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 Formulary Chapter 15: Anaesthesia - Full Chapter
15.01.04.03  Expand sub section  Opioid analgesics
Alfentanil
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Formulary
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Provider notes

  • NMUH:
    • No restriction stated
  • RFL:
    • No restriction stated
  • RNOH:
    • No restriction stated
  • UCLH:
  • WH:
    • No restriction stated
 
   
Fentanyl
(Injection)
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Formulary
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Provider notes

  • NMUH:
    • No restriction stated
  • RFL:
    • No restriction stated
  • RNOH:
    • Restricted Only on the recommendation of the Pain Team for patients intolerant to or with contraindications to morphine and oxycodone
  • UCLH:
  • WH:
    • No restriction stated
 
   
Remifentanil
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Restricted Drug Restricted
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Provider notes

  • NMUH:
    • For use in ICU (Intensive Care Unit) ONLY
  • RFL:
    • No restriction stated
  • RNOH:
    • No restriction stated
  • UCLH:
  • WH:
    • CD = Controlled drug. The Misuse of Drug Regulations apply. For further details see. Prescribing Guidelines. Ideally, remifentanil should be administered as an infusion, either with a standard syringe driver or as a Target Controlled Infusion using the Minto pharmacokinetic model (with the Alaris PK pump). Remifentanil should be diluted before administration, typically to a concentration of 20 to 40 mcg/ml, though higher concentrations can be used. A recommended induction infusion rate is 0.5 mcg/kg/min or8 ng/ml target for a ventilated patient and the rate halved for maintenance and titrated to clinical need (considerably higher or lower rates may be required). Beware the elderly or those with significant comorbidity when initial rates should be reduced. A dedicated cannula or antireflux valve should be used if an IV cannula is shared with fluids or other drugs. The cannula and giving set should be flushed at the end of use to avoid boluses of remifentanil accidentally being administered postop. Boluses of remifentanil should be administered carefully, by slow injection over a period of 30 to 60seconds.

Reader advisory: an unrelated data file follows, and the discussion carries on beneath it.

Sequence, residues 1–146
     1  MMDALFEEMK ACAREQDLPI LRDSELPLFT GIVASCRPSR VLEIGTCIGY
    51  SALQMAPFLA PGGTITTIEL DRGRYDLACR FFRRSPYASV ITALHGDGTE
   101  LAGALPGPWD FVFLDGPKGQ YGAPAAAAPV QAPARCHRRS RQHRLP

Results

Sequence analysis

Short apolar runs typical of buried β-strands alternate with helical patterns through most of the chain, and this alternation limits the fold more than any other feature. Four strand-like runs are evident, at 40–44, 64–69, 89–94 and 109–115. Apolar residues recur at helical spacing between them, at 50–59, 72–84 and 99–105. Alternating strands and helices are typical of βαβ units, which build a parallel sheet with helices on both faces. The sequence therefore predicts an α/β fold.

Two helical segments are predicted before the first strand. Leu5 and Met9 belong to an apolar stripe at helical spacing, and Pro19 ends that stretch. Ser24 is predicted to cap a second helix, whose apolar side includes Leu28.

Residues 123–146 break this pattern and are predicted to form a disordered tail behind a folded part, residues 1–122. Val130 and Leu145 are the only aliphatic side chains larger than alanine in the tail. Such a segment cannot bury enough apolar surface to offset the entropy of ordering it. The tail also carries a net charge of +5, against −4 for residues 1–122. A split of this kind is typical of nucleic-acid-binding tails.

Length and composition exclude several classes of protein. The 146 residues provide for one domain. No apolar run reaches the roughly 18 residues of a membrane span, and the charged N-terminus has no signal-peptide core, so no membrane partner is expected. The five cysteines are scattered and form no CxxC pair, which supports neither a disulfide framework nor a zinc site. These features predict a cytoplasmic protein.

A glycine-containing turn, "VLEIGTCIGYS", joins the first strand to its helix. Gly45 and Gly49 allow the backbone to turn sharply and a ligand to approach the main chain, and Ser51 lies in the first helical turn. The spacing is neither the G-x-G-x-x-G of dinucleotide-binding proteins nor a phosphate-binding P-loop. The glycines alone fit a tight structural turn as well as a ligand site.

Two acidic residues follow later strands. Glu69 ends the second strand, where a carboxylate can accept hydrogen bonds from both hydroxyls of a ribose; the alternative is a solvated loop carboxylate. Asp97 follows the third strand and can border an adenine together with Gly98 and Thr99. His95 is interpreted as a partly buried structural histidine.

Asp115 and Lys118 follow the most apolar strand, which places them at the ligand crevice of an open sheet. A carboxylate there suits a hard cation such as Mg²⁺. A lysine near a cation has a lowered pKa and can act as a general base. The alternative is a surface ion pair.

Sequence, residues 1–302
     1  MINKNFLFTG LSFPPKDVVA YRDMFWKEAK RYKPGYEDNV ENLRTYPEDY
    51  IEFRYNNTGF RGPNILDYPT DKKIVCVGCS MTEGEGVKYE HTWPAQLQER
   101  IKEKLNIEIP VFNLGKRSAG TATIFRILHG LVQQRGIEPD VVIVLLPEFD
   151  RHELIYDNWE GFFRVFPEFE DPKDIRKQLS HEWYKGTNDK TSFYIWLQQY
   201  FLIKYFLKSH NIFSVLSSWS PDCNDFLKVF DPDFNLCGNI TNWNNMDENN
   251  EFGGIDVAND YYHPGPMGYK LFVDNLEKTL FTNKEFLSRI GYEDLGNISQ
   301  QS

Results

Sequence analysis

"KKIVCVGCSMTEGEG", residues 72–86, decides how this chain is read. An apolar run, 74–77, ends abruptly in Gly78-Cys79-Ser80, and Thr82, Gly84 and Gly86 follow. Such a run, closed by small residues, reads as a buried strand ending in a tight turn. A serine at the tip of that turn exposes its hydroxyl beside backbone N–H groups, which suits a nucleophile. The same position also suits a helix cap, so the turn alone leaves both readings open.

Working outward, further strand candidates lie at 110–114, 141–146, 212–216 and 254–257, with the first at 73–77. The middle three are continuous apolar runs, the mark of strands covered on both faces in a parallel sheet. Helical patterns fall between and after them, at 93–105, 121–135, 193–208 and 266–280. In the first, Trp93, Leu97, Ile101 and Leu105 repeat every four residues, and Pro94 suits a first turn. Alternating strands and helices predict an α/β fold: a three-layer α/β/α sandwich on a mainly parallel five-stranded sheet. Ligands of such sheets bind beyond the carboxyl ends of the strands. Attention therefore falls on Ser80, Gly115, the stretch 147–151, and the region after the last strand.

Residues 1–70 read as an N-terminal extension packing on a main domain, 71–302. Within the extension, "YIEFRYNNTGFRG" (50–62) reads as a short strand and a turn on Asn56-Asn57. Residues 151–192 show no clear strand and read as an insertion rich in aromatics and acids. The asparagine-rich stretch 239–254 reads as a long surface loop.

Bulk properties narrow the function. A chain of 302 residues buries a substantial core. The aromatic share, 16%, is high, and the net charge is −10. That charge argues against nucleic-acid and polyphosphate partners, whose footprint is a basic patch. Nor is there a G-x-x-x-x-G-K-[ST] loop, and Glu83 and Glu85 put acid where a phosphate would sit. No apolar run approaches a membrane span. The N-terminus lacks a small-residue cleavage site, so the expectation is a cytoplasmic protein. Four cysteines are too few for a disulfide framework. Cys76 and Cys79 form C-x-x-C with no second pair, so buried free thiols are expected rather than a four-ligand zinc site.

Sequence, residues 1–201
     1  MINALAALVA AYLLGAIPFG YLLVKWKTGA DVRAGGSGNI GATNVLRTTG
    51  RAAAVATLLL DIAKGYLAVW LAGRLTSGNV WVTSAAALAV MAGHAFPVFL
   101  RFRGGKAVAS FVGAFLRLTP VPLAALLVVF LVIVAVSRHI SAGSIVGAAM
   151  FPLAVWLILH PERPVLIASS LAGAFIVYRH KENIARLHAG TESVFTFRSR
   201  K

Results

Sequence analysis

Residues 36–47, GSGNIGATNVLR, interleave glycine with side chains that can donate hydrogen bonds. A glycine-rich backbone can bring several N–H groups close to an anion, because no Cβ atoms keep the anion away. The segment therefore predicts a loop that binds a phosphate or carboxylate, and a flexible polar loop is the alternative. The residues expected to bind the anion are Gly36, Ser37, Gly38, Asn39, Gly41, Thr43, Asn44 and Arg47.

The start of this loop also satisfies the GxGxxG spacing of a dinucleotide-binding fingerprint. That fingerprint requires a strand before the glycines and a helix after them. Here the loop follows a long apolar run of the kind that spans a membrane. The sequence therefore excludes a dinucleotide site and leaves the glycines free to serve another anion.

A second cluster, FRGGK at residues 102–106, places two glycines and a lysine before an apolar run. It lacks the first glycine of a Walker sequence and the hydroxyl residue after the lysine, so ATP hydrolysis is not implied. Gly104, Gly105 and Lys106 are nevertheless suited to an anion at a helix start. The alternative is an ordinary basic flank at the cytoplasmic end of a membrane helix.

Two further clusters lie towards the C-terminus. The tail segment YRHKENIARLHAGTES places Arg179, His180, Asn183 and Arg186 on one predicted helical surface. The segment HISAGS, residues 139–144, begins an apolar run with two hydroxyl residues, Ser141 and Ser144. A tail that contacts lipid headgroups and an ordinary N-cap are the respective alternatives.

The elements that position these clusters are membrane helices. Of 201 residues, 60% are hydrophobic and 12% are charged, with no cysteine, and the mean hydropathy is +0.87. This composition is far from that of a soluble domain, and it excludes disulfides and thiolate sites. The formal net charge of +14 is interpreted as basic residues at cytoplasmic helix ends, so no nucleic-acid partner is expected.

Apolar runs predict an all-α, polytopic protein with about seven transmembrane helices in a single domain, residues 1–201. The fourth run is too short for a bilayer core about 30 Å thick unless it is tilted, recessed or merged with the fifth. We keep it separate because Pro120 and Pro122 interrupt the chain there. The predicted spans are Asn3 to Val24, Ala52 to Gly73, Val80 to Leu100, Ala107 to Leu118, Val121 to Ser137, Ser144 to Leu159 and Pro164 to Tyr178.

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Key
note Notes
Section Title Section Title (top level)
Section Title Section Title (sub level)
First Choice Item First Choice item
Non Formulary Item Non Formulary section
Restricted Drug
Restricted Drug
Unlicensed Drug
Unlicensed
Track Changes
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Link to adult BNF
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Link to children's BNF
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Link to SPCs
High Cost Medicine
High Cost Medicine
Cancer Drugs Fund
Cancer Drugs Fund
NHSE
NHS England
Homecare
Homecare
CCG
CCG

Traffic Light Status Information

Status Description

GP - 1st

Medicines suitable for first-line use within primary care.

Can be initiated within primary care within their licensed indication, in accordance with nationally recognised formularies, for example the BNF, BNF for Children, Medicines for Children or Palliative Care Formulary. Primary care prescribers take full responsibility for prescribing. 

  

GP - 2nd

Medicines suitable for second-line use within primary care.

Can be initiated within primary care within their licensed indication, in accordance with nationally recognised formularies, for example the BNF, BNF for Children, Medicines for Children or Palliative Care Formulary. Primary care prescribers take full responsibility for prescribing. 

  

GP - Amber

Medicines that should be initiated by a specialist. Prescribing can be transferred to primary care once the patient has been stabilised.  

Shared care: For drugs with regular, ongoing need for monitoring and/or assessment of efficacy or toxicity. Prior agreement must be obtained by the specialist from the primary care provider before prescribing responsibility is transferred. The shared care protocol must have been agreed by the relevant secondary care trust Drugs and Therapeutics Committee(s) (DTC) and approved by the North Central London JFC.

Fact sheet: For drugs with some concerns surrounding safety or efficacy but do not require regular monitoring and/or monitoring of effectiveness/toxicity.

  

GP - Red

Medicines which should normally be prescribed by specialists only (hospital only).

For patients already receiving prescriptions in primary care - continue. No new patients to receive prescriptions in primary care.

  

GP - Grey

Medicines on hospital formularies which have not been reviewed for suitability in primary care.  

Black

Medicines not recommended for routine use in primary or secondary care.

Medicines, which the North Central London JFC has actively reviewed and does not recommend for use at present due to limited clinical and/or cost effective data.

  

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